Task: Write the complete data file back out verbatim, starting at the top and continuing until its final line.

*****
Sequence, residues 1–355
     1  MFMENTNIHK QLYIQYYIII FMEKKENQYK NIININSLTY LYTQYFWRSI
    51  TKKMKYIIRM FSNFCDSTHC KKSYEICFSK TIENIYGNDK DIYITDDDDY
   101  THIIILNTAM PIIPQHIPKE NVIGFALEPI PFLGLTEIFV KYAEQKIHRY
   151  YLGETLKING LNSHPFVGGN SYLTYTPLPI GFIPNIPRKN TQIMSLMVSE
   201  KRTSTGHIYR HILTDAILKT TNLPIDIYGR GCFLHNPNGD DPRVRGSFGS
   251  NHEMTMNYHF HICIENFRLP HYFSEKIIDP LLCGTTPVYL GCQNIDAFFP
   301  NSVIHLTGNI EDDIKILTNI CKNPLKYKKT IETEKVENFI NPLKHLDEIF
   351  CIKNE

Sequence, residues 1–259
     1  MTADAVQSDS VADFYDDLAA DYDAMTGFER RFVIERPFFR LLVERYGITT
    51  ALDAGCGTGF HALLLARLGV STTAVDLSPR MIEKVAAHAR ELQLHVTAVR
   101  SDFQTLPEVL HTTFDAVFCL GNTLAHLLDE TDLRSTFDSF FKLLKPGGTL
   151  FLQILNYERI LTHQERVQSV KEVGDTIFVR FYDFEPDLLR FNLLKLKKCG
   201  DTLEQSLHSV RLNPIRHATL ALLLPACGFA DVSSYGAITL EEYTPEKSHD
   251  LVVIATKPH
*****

Sequence, residues 1–355
     1  MFMENTNIHK QLYIQYYIII FMEKKENQYK NIININSLTY LYTQYFWRSI
    51  TKKMKYIIRM FSNFCDSTHC KKSYEICFSK TIENIYGNDK DIYITDDDDY
   101  THIIILNTAM PIIPQHIPKE NVIGFALEPI PFLGLTEIFV KYAEQKIHRY
   151  YLGETLKING LNSHPFVGGN SYLTYTPLPI GFIPNIPRKN TQIMSLMVSE
   201  KRTSTGHIYR HILTDAILKT TNLPIDIYGR GCFLHNPNGD DPRVRGSFGS
   251  NHEMTMNYHF HICIENFRLP HYFSEKIIDP LLCGTTPVYL GCQNIDAFFP
   301  NSVIHLTGNI EDDIKILTNI CKNPLKYKKT IETEKVENFI NPLKHLDEIF
   351  CIKNE

Sequence, residues 1–259
     1  MTADAVQSDS VADFYDDLAA DYDAMTGFER RFVIERPFFR LLVERYGITT
    51  ALDAGCGTGF HALLLARLGV STTAVDLSPR MIEKVAAHAR ELQLHVTAVR
   101  SDFQTLPEVL HTTFDAVFCL GNTLAHLLDE TDLRSTFDSF FKLLKPGGTL
   151  FLQILNYERI LTHQERVQSV KEVGDTIFVR FYDFEPDLLR FNLLKLKKCG
   201  DTLEQSLHSV RLNPIRHATL ALLLPACGFA DVSSYGAITL EEYTPEKSHD
   251  LVVIATKPH